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  • Just a photo in a box
    one snap
    out of a jumble of family history
    edges curled,
    the colors a touch too Technicolor.
    On the back in my mother’s script,
    August, 1968

    My father
    in stained and torn chinos
    red and black checked wool shirt
    sleeves rolled up
    dark hair unruly
    half-turns to the camera
    leaving for a moment his thoughts
    and the dark blue and open sea.
    Below him a white curl of surf over pink granite ledges.
    Just beyond him in a long crack
    a silver grey log is driven like a wedge
    and fractured blocks of stone
    lie scattered and jumbled.

    He holds the red spinning rod
    The one he made that winter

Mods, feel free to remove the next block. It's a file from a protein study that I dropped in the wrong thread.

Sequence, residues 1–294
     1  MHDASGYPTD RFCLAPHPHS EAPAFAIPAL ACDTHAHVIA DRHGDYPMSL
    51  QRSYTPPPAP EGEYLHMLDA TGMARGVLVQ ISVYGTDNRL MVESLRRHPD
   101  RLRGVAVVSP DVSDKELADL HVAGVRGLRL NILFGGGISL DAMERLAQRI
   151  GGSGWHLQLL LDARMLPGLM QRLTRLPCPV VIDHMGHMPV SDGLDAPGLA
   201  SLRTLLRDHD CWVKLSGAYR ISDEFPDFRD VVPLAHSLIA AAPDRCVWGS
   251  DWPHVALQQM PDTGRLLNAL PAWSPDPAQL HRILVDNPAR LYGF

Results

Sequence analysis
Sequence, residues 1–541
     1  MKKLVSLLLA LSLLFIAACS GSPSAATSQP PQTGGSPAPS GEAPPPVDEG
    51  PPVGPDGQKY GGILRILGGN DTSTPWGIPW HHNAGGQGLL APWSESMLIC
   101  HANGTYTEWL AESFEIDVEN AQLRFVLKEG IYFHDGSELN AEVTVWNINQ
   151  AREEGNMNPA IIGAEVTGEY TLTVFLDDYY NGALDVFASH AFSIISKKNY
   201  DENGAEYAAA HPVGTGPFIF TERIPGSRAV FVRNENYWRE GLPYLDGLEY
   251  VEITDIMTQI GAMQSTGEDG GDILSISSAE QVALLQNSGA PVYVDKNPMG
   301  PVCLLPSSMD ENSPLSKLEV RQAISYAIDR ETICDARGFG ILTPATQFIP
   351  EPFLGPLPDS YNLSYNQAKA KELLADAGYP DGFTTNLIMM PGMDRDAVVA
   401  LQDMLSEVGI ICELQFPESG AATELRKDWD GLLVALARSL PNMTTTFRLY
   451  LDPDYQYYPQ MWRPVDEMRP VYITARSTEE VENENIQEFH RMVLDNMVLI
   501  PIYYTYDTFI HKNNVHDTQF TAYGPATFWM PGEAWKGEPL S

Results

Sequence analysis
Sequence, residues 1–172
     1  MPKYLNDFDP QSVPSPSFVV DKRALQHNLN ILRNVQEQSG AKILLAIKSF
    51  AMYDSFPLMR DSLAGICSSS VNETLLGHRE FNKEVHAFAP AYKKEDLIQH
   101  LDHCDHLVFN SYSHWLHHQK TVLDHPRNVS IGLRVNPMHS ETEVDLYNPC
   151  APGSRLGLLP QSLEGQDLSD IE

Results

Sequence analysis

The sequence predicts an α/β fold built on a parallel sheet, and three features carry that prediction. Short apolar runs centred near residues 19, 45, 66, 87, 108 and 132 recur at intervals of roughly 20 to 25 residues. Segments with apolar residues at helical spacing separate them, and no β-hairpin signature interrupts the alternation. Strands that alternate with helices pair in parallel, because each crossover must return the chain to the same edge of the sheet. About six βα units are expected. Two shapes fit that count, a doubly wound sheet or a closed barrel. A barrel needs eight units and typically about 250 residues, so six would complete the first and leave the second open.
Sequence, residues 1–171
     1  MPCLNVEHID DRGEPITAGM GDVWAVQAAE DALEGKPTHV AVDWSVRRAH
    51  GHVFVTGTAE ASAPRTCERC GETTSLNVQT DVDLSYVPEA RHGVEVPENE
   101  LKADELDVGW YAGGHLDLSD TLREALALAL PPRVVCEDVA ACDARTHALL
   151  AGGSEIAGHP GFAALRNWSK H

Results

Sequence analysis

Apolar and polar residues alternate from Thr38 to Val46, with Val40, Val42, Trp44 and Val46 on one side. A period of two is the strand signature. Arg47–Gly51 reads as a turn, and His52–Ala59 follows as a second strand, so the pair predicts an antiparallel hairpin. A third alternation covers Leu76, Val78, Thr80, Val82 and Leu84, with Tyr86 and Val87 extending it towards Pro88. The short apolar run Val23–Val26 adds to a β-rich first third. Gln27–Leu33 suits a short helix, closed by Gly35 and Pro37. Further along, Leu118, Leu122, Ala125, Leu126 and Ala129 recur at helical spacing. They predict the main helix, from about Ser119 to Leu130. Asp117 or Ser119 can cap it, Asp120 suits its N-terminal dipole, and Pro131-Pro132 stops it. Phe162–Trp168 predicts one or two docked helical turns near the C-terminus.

Long, late night hours at the table
    hunched over the tiny vise
    winding fine silk thread
    Round and round and round about the bare fiberglass pole
    Hours waiting for the phone to ring
    Calling him back
    To a rising storm of
    flames and anger.
    Professorial discourse and debate traded
    for slogan and label and clenched fist.
    Calling him to stand between police
    and the students he used to know.
    Calling him to choose a side.

    He has only half turned
    to look up to the dark hedge of spruce
    and the camera.
    When he turns back
    he faces only the sea,
    a dark and restless infinity,
    stretching south to Africa.

    Today, he has become a smaller man,
    round and stooped,
    thin grey hair
    cantankerous and impatient.
    And this morning I wondered
    about the choices he made and lived with,
    when his life was a small stretch of bare rock
    and the surge of the sea all around him.
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